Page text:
Applying For Credit
Opportunity . . .
EQUAL CREDIT OPPORTUNITY ACT requires that all credit applicants be considered on the basis of their actual qualifications for credit and not be turned away because of age, gender, marital status, race, color, religion, national origin, because they receive public income such as welfare or Social Security, or because they exercise their rights under Federal credit laws such as filing a billing error notice with a creditor. A creditor may not use any of those grounds to discourage you from applying for credit; refuse you credit if you qualify; or lend you money on terms different from those granted another person with similar income, expenses, credit history, and collateral. The Act also provides that an individual may choose to rely on the credit history of a spouse or former spouse if it can be shown that the individual helped to build up that history.
Qualifying . . .
Creditors determine whether or not you're a good credit risk by evaluating:
Your ability to repay, as indicated by how much of your income is left over after you pay your basic expenses every month. Creditors ask for employment information: your occupation, how long you've worked, and how much you earn. They want to know your expenses, how many dependents you have, whether you pay alimony or child support, and the amount of your other obligations.
Your assets, such as a house, bank account, or insurance policy — anything that would serve as security for the creditor if you couldn't meet your payment. Creditors want to know what you may have that could be used to back up or secure your loan and what sources you have for repaying debts other than income.
Your credit history, showing what debts you've had before and how you've managed them. They look at how much you owe, how often you borrow, whether you pay bills on time, and whether you live within your means. They also look for signs of stability: how long you've lived at your present address, whether you own or rent, and length of your present employment.
Your attitude is important, too, because the creditor has to decide whether you're the kind of individual who will act responsibly in using credit. Appearance and behavior have been known to influence a creditor's decision.
The Income Qualification Calculator — Discover how much income you need to afford a certain monthly payment.
Beginning . . .
You may qualify in all respects except for a credit history. Building a credit history takes time and patience. This problem affects young people just beginning careers as well as older people who have never used credit. You may have to start in a small way and build up slowly.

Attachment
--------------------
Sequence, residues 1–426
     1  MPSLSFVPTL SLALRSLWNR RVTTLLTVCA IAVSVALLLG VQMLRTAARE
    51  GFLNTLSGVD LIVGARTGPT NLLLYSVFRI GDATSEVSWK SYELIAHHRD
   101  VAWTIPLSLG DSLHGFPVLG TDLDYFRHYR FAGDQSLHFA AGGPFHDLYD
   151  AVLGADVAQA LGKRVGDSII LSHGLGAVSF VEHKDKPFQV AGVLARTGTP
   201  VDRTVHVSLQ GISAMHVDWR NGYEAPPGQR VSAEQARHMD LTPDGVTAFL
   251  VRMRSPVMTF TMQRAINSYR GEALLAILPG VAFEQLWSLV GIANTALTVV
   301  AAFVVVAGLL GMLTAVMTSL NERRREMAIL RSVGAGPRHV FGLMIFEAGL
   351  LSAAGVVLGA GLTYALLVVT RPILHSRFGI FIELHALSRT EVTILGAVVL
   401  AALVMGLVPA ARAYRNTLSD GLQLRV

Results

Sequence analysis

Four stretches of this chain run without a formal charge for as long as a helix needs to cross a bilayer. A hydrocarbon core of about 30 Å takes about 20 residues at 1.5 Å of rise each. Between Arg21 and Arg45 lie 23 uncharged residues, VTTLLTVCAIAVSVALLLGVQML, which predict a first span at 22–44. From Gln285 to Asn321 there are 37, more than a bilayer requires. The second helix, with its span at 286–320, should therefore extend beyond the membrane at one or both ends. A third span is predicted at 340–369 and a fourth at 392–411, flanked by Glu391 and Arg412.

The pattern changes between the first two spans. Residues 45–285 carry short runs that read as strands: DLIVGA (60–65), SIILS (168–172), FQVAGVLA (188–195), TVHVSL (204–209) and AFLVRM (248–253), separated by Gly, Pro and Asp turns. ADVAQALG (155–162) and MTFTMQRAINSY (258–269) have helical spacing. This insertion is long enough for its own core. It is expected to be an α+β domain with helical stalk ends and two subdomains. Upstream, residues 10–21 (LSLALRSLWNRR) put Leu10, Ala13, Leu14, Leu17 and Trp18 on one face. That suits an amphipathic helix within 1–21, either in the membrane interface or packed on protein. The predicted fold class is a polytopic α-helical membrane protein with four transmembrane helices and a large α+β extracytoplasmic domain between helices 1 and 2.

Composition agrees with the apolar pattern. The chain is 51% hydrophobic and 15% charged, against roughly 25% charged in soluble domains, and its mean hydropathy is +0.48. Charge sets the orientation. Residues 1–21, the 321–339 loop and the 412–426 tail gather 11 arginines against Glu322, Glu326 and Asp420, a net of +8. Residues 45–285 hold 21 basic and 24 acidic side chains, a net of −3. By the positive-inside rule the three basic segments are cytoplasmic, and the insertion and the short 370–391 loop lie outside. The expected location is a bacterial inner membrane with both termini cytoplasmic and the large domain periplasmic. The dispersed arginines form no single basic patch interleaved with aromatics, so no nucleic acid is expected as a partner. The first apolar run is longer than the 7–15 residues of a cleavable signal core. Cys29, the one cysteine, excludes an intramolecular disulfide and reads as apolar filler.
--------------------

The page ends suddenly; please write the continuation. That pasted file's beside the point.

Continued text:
Here are some suggestions:
- Establish a savings and/or checking account. Creditors look on them as evidence that you're able to handle money.
- Borrow against the security of your savings account at the bank. The interest you pay on the "passbook" loan will be partly offset by the interest your account keeps on earning, so the loan will cost you less than a regular small loan would.
- Buy something on time at a major store or open a local department store charge account and pay your bills promptly. This is a stepping stone to other kinds of credit.
- Apply for a gasoline credit card.
- If you can't get credit on your own, you might ask a relative or a friend who already has a good credit standing to cosign your loan application and share your liability. Once you have repaid the debt, try again to get credit on your own.
- If you're new in town, write for a summary of any credit record kept by a credit bureau in your former town. (Ask the bank or department store in your old hometown for the name of the agency it reports to.)
Before applying for credit, ask whether the creditor reports credit history information to credit bureaus serving your area. Most creditors do, but some do not. If possible, you should try to get credit that will be reported. This builds your credit history.
If you believe you're creditworthy, keep trying to establish your credit. Don't be discouraged. Shop around. Persistence has a way of paying off.
Benefits . . . Warning . . .
Credit is a good thing when used wisely. It lets you buy necessities when you're short of cash and luxuries when you want them. Without credit you might have to put off buying what would be useful or desirable.
But, like other good things, credit can be misused. Borrowing can be addictive and may be dangerous to your financial health.
- Credit isn't more money. It's a convenience that lets you enjoy certain benefits now that you'll have to pay for later on.